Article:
Yes, no and no.

All organisms that currently exist have evolved to maximise their energy harvest under the condtions under which they live. You can’t just wave a magic wand, mutter vaguely about “genetic engineering” and somehow produce an organism that is more maximal than maximal.

You now have to explain how your organisms are going to be able to capture more sunlight than currently existing autotrophs. That alone would be an engineering miracle, and if you could do it then aplying it to global warming would be a minor consideration. Apply it to agriculture and we could feed the whoe world fom a single glasshouse.

And we aren’t just talking about a minor increase in NPP here. Not only will your organisms needs to be more efficient than existing organsisms just to be able to compete, they will need to be able to compete while watsing massive amounts of energy fixing material that is indigetsible even to themselves.

The whole idea is akin to proposing that a hamburger joint that also makes bicycles with square wheels will be able to outcompete McDonald’s.

You are proposing some magical genetic process that will increase NPP by several orders of magnitude. You might just as well propose a genetic solution process that oumps CO2 into space for us. It is about as plausible.

At this point I’m thankful that you lack the ability implement this idea. You seem to lack the most basic understanding of the ecology of the system you are proposing to meddle with.
Do a Google search for “eutrophication” and come back when you understand that oxygen emitting organisms with obscenely high rates of productivity are the primary cause of anoxic zones, not the solution to it.

Then they weren’t much chop as experts. I have raised three problems that seem totally insurmountable, yet they only came up with this single vague objetcion?

And I believe that we are all descended from space aliens and they will come and rescue us if we stuff up. That isn’t grounds for anyone taking me seriously. Your ideas have to stand in there own merit, not on the basis of some sort of hyperbole about the end of days.

If the experts don’t think it’s feasible then that should probably set off alarm bells.

But I’ll tell you what, I’ll hold off judgement until you tell me how you intend to increase the photosynthetic efficiency of your GMOs by orders of magnitude above any existing species.

If you can do that then I’ll believe it is feasible.

Of course I can’t see why, if you could do that, you aren’t the world’s wealthiest man. You would have single handedly increased global food production 1000 fold. Then you wouldn’t need to use internet message borards to get you message out, you would own CNN and Microsoft.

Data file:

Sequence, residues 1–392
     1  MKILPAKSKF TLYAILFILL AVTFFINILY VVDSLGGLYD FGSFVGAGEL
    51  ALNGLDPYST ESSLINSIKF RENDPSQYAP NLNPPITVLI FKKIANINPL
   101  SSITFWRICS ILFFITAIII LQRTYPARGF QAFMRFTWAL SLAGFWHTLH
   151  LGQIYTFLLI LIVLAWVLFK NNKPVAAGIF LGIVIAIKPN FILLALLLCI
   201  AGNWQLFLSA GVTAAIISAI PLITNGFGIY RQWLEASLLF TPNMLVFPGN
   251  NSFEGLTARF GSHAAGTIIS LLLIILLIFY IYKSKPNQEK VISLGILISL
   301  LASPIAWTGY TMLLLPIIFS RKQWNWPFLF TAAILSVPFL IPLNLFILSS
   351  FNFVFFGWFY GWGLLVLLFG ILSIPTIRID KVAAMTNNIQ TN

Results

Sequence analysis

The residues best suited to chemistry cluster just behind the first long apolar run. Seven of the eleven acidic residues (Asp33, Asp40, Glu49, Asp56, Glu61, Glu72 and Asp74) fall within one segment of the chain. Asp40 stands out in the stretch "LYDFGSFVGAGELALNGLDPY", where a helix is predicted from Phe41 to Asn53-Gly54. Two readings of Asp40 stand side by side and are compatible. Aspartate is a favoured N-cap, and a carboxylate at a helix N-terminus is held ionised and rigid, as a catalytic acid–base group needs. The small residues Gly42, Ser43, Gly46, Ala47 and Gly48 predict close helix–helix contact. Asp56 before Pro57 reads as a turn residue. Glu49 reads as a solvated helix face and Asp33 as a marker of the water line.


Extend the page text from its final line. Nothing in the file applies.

You certainly appear mistaken, but as I said I’ll withold judgement until you explain how you intend to increase photosynthetic efficient by orders of magnitude above what 4 billion years of evolution has achieved.

Published where? Why not give us some references so we can read what you have published?

I am entertianing it, but if you can’t clearly and specifically adress the serious issues I’ve raised that is all the entertaining I’m going to do.

Base 4? What are you talking about? DNA/RNA uses triplet codons, but even that can’t be described as coding in base 3. But where did you get base 4 from?

Most people don’t know about the genomic revolution?

Maybe if they had been living in a darkened cellar somewhere in Amish country with their hands over their ears for the last 15 years. Anyone who has watched TV or been to the movies or read a newspaper since 1993 would be as well aware of the genomic revolution as they are of the nuclear revolution.

My method of biosequestration is technically feasible, but I have no idea if it is economical or practical. It is simply (ha!) to plant, grow and harvest vast forests (in areas not now forested of course), turn them into charcoal (ie almost pure carbon), and require coal miners to place a tonne of charcoal down a mine for every tonne of coal taken out. As charcoal has more carbon per tonne than coal this results in carbon being removed from the environment, essentially permanently.

Yours, I fear, sounds so ill-formed and potentially dangerous that my answer to “is it technically feasible?” is " I really really really hope not!".